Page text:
Business Talk with Enrique Inukai, Chief Financial Officer & HR Director of Buskowitz Energy

Business Talk with Enrique Inukai, Chief Financial Officer & HR Director of Buskowitz Energy

Originally published on Philippine Primer

 

Business Talk with Enrique Inukai, Chief Financial Officer & HR Director of Buskowitz Energy

Mexican-Japanese Enrique Inukai is the Chief Financial Officer & HR Director of Buskowitz Energy, an integrated sustainable energy and solutions group of companies that specializes in cost-efficient and environmentally-friendly rooftop photovoltaic solar systems. From 2013, he worked with Coca-Cola FEMSA in Mexico as Financial Information and Consolidation Manager and, in 2012, came to the Philippines to be one of the lead Acquisition Principals during the merger of Coca-Cola and Coca-Cola FEMSA. Inukai joined Buskowitz in September 2018.

 

Could you tell us about Buskowitz Energy?

Buskowitz has been around for the past 7 years, and it has evolved to meet the needs of the market. It started with a very simple idea of my business partner—his family owns a hotel in Boracay—to install a solar photovoltaic (PV) system on the hotel’s rooftop. When they did that, they saw an opportunity for business because renewable energy in the Philippines was still in its infancy stage then. There was some resistance at the beginning because it’s hard for people to buy something expensive, as it was years ago, which they are not familiar with.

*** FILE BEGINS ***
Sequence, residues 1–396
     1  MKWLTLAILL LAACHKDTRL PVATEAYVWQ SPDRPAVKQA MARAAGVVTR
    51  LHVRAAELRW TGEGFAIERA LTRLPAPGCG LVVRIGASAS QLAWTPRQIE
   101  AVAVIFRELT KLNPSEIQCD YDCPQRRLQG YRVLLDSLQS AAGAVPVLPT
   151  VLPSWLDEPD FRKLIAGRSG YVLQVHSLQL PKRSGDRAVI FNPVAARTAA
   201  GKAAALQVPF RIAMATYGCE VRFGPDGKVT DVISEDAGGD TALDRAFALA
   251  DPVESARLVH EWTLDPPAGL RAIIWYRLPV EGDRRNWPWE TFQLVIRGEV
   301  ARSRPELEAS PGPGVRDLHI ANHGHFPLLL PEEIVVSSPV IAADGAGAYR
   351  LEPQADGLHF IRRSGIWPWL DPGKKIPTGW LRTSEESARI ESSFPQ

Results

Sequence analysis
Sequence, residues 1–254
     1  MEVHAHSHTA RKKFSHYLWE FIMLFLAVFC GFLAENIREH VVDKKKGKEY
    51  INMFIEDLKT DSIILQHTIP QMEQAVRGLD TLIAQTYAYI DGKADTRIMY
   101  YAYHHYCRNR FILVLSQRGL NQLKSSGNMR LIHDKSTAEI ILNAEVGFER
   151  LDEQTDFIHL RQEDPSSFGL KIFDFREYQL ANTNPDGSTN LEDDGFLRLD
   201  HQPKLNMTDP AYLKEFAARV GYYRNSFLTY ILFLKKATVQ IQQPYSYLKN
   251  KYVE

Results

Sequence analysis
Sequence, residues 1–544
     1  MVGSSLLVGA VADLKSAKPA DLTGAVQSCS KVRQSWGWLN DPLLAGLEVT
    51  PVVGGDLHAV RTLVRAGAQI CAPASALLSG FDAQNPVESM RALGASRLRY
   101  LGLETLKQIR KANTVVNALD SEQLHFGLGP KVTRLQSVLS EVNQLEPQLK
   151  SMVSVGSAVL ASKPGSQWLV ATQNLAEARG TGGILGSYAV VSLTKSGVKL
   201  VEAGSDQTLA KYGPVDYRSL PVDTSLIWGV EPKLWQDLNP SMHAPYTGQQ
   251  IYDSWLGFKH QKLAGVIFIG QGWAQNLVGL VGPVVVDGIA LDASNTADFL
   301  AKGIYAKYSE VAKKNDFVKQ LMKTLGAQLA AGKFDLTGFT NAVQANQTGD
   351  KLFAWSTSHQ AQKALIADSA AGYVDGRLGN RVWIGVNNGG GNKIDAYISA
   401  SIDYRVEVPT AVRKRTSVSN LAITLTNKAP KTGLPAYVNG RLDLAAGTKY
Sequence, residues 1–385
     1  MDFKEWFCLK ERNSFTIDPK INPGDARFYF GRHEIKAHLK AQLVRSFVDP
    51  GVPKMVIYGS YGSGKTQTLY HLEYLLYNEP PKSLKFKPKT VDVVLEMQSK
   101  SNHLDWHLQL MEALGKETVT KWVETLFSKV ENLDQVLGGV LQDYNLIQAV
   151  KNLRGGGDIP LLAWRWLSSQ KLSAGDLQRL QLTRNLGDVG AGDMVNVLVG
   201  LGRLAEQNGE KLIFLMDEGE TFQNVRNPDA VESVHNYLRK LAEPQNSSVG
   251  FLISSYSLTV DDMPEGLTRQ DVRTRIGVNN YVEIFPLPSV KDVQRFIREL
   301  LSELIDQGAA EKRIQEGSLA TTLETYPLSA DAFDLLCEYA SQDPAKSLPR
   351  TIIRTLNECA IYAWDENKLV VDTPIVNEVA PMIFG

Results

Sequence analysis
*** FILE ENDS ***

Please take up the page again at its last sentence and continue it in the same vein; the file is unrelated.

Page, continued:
The business evolved into what it is today. We dealt with that resistance by offering a Build-Operate-Lease-Transfer (BOLT) product. Clients can still buy the system from us, but more conservative clients could go into a 20-year BOLT contract. Buskowitz will install the PV system on their rooftops and sell the energy at a much lower rate. It’s less risky for the client because they don’t need to buy anything, they just pay for a security deposit, and will consume whatever the system is producing. Since it’s cheaper and cleaner, it becomes more attractive to them.

 

Were there other challenges that you encountered along the way?

There was also the challenge of getting the right people for the job because solar PV system was not very developed yet in the Philippines, so it was hard to get people who knew about this technology. Luckily, we got a hold of a celebrity electrical engineer in the Philippines and got to be part of his team. In fact, he is the first certified renewable energy electrician in the Philippines. This has helped us a lot in developing the next generation of electrical engineers. We are constantly looking out for new people, and we enjoy developing our existing engineers’ skills by sending them to more trainings and courses.

 

Other than BOLT, what other services do you have?

One of the services we came up with last year was electrical engineering. You can see a lot of the buildings here in Makati are not well-maintained. And that’s high-risk because anytime, it can cause a short circuit or eventually fire. When we were processing permits for an installation for one school, one of the local authorities recommended rewiring. We had the capacity and skills, so we did it. It’s an easy thing to do, it does not require a lot of investment, and it’s highly profitable. It’s a win-win for the client because they have new wires, and they get their energy in a more efficient way.

 

Can you tell us more about your role in the company?